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UK Visit Visa Process Disapproved

A cross-party group of Minsters of Parliament issued an extremely serious information on the United Kingdom Home Office’s conduct of visit visa applications. The article was published together by three All Party Parliamentary Groups: the APPG for Africa; the APPG for Diaspora, Development and Migration; and the APPG for Malawi.


It shapes part of a current investigation into the high level of visa rejections for Africans seeking to visit the United Kingdom for professional or business motives. An evidence to their investigation back in January 2019 and was demanded to evaluate and remark on a draft of the report before publication.

Familiar issues, frequently encounter with all kinds of United Kingdom immigration applications, are focussed in the report comprising: the realistic and logistical obstacles to applying such as struggle in attaining appointments; unreliable and inconsiderate decision making; perceived deficiency of technical justice due to vague rules meaning applicants do not know what is need from them; financial favouritism in decision making due to the popular hypothesis in rejection letters that those who are not well off will not meet with the terms of their United Kingdom visit visa; perceived gender and racial bias; and the insufficiency of responsibility, misunderstanding, or right of appeal meaning that insignificant quality conclusions are left unopposed.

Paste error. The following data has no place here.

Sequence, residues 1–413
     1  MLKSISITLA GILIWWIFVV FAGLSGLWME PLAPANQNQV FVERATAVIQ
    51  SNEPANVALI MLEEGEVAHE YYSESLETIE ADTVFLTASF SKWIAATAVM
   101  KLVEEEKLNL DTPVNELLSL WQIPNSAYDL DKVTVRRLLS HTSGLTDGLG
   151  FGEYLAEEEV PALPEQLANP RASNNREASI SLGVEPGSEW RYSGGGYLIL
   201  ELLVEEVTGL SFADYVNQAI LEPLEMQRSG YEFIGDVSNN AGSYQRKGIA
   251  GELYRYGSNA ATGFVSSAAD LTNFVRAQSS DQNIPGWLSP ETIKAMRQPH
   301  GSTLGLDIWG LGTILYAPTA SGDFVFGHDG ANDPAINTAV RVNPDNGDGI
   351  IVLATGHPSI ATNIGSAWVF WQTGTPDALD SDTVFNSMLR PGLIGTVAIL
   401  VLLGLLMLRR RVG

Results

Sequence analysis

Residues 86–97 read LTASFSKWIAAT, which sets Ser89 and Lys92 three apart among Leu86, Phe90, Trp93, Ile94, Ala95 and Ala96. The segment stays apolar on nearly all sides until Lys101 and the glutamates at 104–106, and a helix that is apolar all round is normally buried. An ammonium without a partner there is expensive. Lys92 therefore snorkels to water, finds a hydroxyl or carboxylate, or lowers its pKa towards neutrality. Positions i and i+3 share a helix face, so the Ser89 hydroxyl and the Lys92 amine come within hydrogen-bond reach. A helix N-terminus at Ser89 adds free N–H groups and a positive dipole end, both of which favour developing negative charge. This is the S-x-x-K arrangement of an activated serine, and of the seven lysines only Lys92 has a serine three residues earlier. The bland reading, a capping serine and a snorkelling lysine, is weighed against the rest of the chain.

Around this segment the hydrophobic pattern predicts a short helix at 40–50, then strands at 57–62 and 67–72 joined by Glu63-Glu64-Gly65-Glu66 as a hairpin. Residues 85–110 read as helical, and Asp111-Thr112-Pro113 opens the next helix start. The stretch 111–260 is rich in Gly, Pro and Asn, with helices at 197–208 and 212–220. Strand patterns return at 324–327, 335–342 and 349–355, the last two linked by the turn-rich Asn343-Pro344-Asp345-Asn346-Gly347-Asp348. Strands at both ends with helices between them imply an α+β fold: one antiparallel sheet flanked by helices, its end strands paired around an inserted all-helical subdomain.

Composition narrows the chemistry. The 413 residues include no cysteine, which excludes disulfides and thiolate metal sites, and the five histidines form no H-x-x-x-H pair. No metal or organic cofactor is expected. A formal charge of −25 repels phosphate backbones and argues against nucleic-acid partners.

This last one is mainly vital as without any external quality control, decision makers do not realise from their blunders.

The report emphases on visit visa applications from Africa, though many of the above blames have broader application. Anybody who has applied for a United Kingdom Visit Visa in recent times will know of the realistic and logistical barriers caused by the UK Home Office’s “commercial partners” VFS Global and Sopra Steria. Regrettably poor quality conclusions and lack of liability is also predominant throughout the United Kingdom’s immigration system, not just with United Kingdom visit visa applications from Africa.


Optimistically the report printed earlier this month will make sure that the glitches tackled by those applying to come to, and reside in, the United Kingdom reach a broader audience and inspire public debate on whether the structure is fit for purpose. Public uproar appears to be the only way to influence the United Kingdom Home Office to take action. The report has by now been covered by the Financial Times and the Guardian. The complete report can be found on our website.


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